Matt Mitrione (5-2) vs Philip De Fries (9-2, 1 NC)
We jump up to heavyweight as Philip De Fries and Matt Mitrione both search for an end to their respective losing skids. After winning his first five career fights, everyone’s favorite meathead has lost two in a row against Roy Nelson and Cheick Kongo. A Brazilian Jiu-Jitsu purple belt, De Fries has been knocked out in two of his last three fights by Todd Duffee and Stipe Miocic.
De Fries has the clear grappling advantage. The only problem is that I’m not sure how he’ll get it to the ground. He hasn’t shown the offensive wrestling game to force opponents down and Mitrione is the far superior athlete. Mitrione has struggled the last couple of fights, but De Fries does not possess the striking credentials of Kongo or Nelson. As De Fries comes in for the clinch, Mitrione will land his left cross flush. This will rattle the Englishman worse than Dick Van Dyke’s Cockney accent from Mary Poppins and lead to a 1st round TKO loss.
Ross Pearson (16-6) vs Ryan Couture (6-1)
We drop down to the lightweight division as one fighter looks for a successful debut and another continues a resurgence. Ryan Couture carries the wrestling aura of his father, but was actually the most accurate striker in Strikeforce lightweight history, succeeding with 49.6% of his strikes. After experimenting in the 145lb division, Ross Pearson made a successful return to 155 with a third round TKO of George Sotiropolous in December.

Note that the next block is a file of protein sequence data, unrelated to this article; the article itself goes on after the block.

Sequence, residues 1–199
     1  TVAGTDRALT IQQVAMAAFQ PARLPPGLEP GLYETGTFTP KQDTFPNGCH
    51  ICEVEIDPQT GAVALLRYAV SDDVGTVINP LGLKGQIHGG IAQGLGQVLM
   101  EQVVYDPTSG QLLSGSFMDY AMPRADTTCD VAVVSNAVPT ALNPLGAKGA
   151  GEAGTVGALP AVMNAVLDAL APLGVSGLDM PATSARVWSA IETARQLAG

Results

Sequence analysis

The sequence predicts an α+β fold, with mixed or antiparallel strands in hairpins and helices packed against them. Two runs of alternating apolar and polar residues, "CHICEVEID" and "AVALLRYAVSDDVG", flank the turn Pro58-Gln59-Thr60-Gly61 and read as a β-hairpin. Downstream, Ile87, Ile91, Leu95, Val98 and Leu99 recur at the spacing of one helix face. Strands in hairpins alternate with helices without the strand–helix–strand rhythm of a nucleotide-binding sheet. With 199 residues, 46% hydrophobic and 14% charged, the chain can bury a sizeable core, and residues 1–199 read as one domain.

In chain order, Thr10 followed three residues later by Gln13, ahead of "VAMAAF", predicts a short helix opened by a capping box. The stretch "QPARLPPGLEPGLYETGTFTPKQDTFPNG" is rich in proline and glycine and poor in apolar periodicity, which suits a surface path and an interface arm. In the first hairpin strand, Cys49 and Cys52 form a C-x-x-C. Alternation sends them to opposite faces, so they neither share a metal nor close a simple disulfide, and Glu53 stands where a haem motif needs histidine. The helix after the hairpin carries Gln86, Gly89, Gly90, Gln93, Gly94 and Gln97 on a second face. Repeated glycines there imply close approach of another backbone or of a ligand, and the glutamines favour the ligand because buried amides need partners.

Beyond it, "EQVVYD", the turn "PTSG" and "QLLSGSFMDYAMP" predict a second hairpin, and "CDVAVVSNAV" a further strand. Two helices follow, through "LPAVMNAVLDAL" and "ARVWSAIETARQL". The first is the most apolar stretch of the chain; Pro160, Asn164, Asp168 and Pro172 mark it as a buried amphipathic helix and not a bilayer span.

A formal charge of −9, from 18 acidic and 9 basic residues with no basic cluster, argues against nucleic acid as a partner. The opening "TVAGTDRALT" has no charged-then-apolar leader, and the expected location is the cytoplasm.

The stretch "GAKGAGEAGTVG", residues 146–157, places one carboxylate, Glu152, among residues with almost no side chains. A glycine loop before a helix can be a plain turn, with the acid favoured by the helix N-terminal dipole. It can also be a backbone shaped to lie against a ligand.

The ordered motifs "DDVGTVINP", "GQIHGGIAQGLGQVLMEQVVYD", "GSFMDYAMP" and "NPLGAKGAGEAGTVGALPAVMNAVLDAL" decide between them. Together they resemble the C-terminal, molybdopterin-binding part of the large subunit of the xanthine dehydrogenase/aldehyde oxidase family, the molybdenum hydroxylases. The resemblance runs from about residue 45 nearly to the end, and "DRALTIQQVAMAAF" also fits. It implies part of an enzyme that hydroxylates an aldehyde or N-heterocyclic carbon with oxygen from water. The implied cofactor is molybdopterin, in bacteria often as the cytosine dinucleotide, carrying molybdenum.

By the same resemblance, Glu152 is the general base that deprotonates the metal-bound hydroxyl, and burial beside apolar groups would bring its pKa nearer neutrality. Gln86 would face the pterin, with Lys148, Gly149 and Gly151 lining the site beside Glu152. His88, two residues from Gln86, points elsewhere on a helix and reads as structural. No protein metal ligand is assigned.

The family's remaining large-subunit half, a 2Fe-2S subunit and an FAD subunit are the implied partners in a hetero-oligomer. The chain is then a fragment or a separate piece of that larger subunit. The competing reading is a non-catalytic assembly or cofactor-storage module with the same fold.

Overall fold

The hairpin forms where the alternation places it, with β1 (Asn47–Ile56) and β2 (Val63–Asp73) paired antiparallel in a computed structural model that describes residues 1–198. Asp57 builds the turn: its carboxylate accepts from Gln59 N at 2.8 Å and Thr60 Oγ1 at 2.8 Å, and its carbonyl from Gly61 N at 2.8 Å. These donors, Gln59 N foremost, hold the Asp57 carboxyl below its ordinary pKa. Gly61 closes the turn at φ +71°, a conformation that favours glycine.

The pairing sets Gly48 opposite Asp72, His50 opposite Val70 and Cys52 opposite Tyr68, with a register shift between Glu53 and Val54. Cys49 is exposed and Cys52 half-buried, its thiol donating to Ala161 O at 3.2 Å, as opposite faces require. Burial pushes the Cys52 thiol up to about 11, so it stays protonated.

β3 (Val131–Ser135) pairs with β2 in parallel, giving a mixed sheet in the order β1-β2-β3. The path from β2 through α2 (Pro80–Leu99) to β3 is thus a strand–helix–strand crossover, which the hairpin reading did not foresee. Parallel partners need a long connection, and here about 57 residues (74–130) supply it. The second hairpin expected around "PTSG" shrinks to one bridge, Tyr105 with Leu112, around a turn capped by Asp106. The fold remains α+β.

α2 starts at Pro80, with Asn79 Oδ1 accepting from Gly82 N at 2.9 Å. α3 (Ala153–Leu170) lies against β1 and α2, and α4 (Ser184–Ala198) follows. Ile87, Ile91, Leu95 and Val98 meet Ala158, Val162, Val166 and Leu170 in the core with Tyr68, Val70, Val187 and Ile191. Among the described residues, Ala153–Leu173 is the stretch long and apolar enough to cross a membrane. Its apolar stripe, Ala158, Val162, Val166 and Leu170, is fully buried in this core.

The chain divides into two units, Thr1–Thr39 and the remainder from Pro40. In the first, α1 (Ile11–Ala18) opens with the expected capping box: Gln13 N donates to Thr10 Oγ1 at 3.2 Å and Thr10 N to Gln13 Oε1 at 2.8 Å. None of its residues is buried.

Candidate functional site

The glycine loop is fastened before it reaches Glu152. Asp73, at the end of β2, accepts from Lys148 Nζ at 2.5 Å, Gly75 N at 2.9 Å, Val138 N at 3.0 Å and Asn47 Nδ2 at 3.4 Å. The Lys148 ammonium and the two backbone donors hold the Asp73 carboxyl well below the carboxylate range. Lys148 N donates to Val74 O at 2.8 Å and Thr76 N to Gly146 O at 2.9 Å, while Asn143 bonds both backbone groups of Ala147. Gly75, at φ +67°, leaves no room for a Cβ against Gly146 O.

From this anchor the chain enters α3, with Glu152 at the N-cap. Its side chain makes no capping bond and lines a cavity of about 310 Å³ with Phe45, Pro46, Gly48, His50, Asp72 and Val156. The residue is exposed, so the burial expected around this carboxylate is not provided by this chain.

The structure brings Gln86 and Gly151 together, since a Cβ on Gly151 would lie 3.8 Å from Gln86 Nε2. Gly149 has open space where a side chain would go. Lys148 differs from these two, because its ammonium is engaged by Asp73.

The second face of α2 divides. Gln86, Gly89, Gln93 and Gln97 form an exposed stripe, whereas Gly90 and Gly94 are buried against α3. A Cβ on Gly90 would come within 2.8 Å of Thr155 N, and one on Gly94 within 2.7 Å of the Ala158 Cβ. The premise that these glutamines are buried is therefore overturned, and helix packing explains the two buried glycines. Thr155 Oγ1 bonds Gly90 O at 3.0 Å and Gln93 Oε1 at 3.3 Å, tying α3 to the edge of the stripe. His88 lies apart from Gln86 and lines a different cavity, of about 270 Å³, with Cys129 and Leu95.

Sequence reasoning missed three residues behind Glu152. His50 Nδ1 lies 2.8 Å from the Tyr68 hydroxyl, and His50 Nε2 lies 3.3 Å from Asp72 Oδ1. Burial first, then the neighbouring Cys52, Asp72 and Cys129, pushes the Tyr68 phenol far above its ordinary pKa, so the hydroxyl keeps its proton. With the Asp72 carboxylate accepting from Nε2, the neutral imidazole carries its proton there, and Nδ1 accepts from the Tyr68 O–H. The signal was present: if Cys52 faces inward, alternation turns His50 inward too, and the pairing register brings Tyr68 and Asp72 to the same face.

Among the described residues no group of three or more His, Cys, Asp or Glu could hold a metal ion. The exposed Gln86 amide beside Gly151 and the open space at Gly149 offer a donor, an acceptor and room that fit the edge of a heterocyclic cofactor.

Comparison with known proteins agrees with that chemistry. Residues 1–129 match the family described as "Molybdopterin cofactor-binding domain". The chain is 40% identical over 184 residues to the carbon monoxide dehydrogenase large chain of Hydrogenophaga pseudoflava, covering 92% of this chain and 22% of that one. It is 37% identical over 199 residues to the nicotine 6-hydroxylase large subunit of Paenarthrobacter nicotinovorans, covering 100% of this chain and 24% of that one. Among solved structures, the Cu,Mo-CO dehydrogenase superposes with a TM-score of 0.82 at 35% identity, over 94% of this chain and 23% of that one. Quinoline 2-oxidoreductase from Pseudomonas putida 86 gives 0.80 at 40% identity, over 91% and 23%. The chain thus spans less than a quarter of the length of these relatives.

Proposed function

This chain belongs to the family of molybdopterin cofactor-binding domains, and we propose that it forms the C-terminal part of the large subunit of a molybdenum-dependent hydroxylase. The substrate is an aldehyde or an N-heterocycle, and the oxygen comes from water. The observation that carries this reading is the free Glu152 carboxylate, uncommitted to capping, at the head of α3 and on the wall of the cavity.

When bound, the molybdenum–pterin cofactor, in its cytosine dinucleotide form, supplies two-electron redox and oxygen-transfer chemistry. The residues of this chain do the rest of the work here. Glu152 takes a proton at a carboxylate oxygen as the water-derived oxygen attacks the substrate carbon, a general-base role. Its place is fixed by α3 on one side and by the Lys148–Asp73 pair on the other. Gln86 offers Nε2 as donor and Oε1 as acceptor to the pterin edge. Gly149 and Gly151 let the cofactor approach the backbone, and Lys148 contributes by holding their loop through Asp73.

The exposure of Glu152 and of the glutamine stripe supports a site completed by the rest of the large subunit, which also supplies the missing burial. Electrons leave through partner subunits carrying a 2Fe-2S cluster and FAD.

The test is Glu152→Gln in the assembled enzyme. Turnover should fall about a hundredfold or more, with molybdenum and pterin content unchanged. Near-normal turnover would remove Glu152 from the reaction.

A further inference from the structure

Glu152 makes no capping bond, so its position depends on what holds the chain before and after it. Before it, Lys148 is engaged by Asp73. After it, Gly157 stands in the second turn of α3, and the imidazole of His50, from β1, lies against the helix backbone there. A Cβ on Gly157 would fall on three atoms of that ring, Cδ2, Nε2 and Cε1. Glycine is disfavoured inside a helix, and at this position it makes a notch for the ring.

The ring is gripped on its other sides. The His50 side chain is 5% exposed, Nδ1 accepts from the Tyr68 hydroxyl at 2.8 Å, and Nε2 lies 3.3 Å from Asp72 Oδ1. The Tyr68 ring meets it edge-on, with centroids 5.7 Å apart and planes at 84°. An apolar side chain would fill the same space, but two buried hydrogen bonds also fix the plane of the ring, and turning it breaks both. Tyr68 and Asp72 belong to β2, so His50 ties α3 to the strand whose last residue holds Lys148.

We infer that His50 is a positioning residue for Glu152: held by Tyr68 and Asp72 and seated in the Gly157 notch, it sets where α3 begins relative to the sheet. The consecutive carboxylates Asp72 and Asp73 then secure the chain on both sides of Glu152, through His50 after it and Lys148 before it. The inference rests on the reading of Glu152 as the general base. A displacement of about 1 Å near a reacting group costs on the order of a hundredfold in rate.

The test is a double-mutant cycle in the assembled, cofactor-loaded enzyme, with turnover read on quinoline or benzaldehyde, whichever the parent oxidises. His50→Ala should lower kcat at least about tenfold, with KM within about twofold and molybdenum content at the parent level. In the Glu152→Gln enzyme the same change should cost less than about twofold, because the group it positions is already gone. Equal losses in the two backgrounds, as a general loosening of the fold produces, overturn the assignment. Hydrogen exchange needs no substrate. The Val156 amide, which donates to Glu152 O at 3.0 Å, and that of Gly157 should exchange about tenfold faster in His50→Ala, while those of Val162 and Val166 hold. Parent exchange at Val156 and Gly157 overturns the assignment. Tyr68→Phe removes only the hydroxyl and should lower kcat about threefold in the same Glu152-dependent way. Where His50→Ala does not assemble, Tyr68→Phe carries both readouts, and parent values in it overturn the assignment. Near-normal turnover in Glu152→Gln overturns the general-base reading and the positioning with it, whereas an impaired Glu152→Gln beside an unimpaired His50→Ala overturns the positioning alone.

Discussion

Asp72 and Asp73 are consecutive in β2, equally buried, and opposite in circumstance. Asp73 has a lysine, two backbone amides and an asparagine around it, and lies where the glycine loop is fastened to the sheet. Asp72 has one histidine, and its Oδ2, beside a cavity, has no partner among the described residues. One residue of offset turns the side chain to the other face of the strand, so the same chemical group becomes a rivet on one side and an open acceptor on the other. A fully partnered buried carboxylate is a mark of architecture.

Pearson hasn’t minced words about his opponent, even stating that Couture isn’t “on his level.” Well...instead of delicious pannkakor, Ross Pearson will have to eat crow. Couture may not be outstanding in any one area, but his conditioning and strategy propelled him to a win against KJ Noons and it will do the same here. As the fight goes on, Couture will become stronger and Pearson will start to fade. Eventually Couture will plant his opponent on the ground and work his submission game. He won’t get the finish, but it will be enough to secure the unanimous decision win.
Ilir Latifi (8-2, 1 NC) vs Gegard Mousasi (33-3-2)
That brings us to the main event of the evening! Stepping in on short notice, Ilir Latifi expects to make the most talked about Swedish premiere since Ingmar Bergman. Looking to derail that debut is the veteran Gegard Mousasi. With only one loss in his last 20 fights, Mousasi has been all over the world and fought a who’s who of top MMA talent. The man formerly known as “The Dreamcatcher” has finished 29 opponents, with the most recent victim being Mike Kyle in January.
Wouldn’t it be amazing to see the giant underdog step into the cage and shock the world? Sure it would, but it’d also be amazing to see all the original members of The Eagles get back together. As my parents taught me at a young age, life is about disappointments and that truism will come to fruition once again. Latfi’s strategy relies on rushing forward, utilizing looping hooks and then bringing it to the ground for the finish. Mousasi is far too experienced to fall for that plan of attack. As Latifi rushes in, Mousasi counters him with a solid cross and takes the first round KO.
That wraps up another International House of Predictions! Be sure to follow me on Twitter @dannyboydownes. Also, don’t forget to add you own thoughts, predictions and modular furniture suggestions on the page here. Min svävare är full med ålar.